Botswana as a Role Model for Country Success
I argue that the economic success of Botswana can be explained by the historical development of its institutions which is related to the trajectory of the Tswana states over the past 200 years. These institutions created a much more stable and accountable government than elsewhere in Africa after independence with the desire and incentive to adopt good economic policies. There are two main lessons from this experience. The first is how successful an African economy can become using simple orthodox well-understood policies. The second is that successful development in Africa will be helped by a focus on the development of state institutions. Though Botswana inherited different institutions from elsewhere, it also built on these, in particular trying to create a national identity and to continually modernize and adapt institutions. There are many lessons for other African countries from these policy choices.
|Date of creation:||2009|
|Date of revision:|
|Contact details of provider:|| Postal: |
Web page: http://www.wider.unu.edu/
More information through EDIRC
Please report citation or reference errors to , or , if you are the registered author of the cited work, log in to your RePEc Author Service profile, click on "citations" and make appropriate adjustments.:
- Acemoglu,Daron & Robinson,James A., 2009.
"Economic Origins of Dictatorship and Democracy,"
Cambridge University Press, number 9780521671422.
- Daron Acemoglu & Simon Johnson & James A. Robinson & Pierre Yared, 2008.
"Income and Democracy,"
American Economic Review,
American Economic Association, vol. 98(3), pages 808-42, June.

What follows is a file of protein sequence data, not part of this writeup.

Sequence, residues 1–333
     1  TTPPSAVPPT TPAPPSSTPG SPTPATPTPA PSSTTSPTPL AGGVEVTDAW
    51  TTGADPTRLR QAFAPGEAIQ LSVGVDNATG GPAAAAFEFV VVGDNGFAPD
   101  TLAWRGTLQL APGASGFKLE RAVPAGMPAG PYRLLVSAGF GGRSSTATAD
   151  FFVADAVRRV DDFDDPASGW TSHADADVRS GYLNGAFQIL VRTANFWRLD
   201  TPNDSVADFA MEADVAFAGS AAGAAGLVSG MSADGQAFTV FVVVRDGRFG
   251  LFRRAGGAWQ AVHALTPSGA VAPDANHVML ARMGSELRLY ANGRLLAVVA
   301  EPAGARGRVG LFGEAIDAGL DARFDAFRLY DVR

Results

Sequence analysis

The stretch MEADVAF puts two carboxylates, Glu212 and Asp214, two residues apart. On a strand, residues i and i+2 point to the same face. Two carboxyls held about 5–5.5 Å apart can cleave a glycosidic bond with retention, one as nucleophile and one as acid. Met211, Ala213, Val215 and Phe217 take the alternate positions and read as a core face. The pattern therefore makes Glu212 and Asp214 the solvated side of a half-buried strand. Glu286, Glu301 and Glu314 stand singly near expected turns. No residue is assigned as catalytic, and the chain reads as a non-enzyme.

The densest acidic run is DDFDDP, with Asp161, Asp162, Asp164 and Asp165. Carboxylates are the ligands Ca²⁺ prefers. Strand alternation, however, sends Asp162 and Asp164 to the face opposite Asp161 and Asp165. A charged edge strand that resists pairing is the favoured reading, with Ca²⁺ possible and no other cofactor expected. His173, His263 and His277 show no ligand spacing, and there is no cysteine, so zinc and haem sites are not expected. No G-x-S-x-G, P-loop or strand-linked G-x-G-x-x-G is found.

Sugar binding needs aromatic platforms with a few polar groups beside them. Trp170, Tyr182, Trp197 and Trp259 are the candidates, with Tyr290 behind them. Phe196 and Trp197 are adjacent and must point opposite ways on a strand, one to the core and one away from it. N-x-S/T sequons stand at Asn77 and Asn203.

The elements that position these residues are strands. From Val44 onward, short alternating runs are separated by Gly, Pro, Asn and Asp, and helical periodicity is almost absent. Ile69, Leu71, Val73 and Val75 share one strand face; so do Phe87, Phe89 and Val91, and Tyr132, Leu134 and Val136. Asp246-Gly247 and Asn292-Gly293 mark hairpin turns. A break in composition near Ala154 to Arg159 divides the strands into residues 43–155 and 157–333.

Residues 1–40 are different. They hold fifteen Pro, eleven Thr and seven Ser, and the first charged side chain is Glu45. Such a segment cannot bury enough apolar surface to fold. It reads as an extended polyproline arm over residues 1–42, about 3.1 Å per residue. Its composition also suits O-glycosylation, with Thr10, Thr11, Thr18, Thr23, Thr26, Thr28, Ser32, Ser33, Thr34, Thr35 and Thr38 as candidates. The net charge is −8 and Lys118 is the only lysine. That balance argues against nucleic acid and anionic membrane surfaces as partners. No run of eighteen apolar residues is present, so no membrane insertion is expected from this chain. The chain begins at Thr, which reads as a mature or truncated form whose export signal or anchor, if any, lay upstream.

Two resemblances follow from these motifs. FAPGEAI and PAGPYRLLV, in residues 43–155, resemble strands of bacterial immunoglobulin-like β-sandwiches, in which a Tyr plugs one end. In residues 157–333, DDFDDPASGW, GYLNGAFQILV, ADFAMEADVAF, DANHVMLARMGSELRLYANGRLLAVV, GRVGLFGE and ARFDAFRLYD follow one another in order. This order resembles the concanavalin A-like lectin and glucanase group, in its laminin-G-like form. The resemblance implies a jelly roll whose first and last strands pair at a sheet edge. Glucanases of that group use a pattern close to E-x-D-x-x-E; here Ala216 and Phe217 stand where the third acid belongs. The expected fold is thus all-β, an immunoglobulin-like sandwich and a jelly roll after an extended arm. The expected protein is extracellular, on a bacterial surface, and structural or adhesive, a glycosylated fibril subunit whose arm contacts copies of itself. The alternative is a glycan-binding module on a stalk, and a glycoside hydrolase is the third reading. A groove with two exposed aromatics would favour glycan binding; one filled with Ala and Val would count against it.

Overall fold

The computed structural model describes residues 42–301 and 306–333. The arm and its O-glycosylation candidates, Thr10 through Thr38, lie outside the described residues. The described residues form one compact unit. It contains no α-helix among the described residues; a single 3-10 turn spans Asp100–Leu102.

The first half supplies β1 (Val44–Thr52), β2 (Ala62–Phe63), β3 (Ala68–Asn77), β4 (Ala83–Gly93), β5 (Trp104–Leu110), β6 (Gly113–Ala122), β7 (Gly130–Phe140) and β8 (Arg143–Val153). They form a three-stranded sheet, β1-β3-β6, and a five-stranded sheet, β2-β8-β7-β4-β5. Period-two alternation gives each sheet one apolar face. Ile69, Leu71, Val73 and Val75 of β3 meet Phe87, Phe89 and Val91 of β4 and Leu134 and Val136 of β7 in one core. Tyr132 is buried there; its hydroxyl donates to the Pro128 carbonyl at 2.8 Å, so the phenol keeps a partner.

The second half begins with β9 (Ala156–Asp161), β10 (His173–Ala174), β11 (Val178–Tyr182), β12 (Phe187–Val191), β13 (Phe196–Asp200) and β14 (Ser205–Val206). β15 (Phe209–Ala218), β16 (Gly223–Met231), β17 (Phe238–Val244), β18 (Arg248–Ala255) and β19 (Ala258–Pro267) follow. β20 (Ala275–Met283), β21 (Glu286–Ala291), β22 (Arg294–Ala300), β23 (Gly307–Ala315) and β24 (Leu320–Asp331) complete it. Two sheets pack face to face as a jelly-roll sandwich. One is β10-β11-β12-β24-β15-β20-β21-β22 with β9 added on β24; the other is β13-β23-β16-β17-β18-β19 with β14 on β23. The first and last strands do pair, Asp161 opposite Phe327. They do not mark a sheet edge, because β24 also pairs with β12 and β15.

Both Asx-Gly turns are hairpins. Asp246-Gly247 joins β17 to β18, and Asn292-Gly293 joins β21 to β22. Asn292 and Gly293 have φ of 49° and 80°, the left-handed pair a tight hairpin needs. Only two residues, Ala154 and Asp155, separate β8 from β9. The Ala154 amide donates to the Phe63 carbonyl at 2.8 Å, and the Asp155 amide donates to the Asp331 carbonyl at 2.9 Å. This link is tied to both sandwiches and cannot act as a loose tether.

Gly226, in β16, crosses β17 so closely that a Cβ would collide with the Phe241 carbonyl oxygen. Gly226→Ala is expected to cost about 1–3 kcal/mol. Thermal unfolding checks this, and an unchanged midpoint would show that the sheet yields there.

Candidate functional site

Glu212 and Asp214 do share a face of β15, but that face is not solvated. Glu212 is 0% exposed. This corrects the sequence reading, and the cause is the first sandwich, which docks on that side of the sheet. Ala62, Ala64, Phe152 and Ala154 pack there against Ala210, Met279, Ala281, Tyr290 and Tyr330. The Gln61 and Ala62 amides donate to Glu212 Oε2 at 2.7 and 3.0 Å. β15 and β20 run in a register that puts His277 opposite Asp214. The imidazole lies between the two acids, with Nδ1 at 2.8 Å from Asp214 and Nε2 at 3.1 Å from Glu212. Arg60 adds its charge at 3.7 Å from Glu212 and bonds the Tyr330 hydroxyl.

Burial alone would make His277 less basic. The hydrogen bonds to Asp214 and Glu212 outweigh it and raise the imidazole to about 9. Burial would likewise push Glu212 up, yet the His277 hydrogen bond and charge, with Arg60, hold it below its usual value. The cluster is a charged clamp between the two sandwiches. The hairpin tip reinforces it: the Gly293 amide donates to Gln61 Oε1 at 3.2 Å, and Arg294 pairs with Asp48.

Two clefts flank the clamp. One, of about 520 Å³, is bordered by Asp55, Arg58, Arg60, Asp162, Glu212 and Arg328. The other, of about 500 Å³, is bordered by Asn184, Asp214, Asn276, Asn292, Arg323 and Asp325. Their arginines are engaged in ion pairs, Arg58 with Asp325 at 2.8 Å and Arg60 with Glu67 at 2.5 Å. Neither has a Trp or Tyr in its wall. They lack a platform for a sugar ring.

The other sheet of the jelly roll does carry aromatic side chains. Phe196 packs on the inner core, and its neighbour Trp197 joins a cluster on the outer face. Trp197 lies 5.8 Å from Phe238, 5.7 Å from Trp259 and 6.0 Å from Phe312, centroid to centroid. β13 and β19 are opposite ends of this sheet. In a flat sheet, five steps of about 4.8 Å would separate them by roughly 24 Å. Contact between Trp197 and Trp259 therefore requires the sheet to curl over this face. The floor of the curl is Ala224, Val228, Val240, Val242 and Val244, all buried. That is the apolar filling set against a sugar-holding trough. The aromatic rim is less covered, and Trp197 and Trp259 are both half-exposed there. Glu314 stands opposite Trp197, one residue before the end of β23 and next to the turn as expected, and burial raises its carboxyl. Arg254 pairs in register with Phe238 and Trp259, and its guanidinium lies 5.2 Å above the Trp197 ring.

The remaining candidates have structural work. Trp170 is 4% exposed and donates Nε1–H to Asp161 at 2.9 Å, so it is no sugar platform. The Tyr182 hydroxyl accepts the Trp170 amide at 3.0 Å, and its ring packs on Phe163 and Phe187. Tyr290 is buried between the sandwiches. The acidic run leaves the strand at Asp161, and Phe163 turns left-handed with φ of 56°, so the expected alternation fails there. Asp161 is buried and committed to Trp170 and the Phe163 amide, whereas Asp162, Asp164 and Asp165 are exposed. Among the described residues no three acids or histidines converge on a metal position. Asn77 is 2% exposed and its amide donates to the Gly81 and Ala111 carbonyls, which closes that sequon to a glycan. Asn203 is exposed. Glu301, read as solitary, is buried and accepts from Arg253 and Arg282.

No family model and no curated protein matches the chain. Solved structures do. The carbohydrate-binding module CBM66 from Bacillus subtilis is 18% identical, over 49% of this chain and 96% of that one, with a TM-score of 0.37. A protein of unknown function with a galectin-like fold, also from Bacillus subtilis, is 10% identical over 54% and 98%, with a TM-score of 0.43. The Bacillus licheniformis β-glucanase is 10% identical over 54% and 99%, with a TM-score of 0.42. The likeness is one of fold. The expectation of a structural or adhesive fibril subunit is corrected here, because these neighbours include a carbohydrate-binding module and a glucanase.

- Daron Acemoglu & Simon Johnson & James Robinson & Pierre Yared, 2005. "Income and Democracy," NBER Working Papers 11205, National Bureau of Economic Research, Inc.
- Acemoglu, Daron & Johnson, Simon & Robinson, James A & Yared, Pierre, 2005. "Income and Democracy," CEPR Discussion Papers 5273, C.E.P.R. Discussion Papers.
- Daron Acemoglu & Simon Johnson & James A. Robinson, 2000.
"The Colonial Origins of Comparative Development: An Empirical Investigation,"
NBER Working Papers
7771, National Bureau of Economic Research, Inc.
- Daron Acemoglu & Simon Johnson & James A. Robinson, 2001. "The Colonial Origins of Comparative Development: An Empirical Investigation," American Economic Review, American Economic Association, vol. 91(5), pages 1369-1401, December.
- Kaufmann, Daniel & Kraay, Aart & Zoido-Lobaton, Pablo, 1999. "Governance matters," Policy Research Working Paper Series 2196, The World Bank.
- James A. Robinson & Q. Neil Parsons, 2006. "State Formation and Governance in Botswana," Journal of African Economies, Centre for the Study of African Economies (CSAE), vol. 15(1), pages 100-140, April.
When requesting a correction, please mention this item's handle: RePEc:unu:wpaper:rp2009-40. See general information about how to correct material in RePEc.
For technical questions regarding this item, or to correct its authors, title, abstract, bibliographic or download information, contact: (Bruck Tadesse)
If references are entirely missing, you can add them using this form.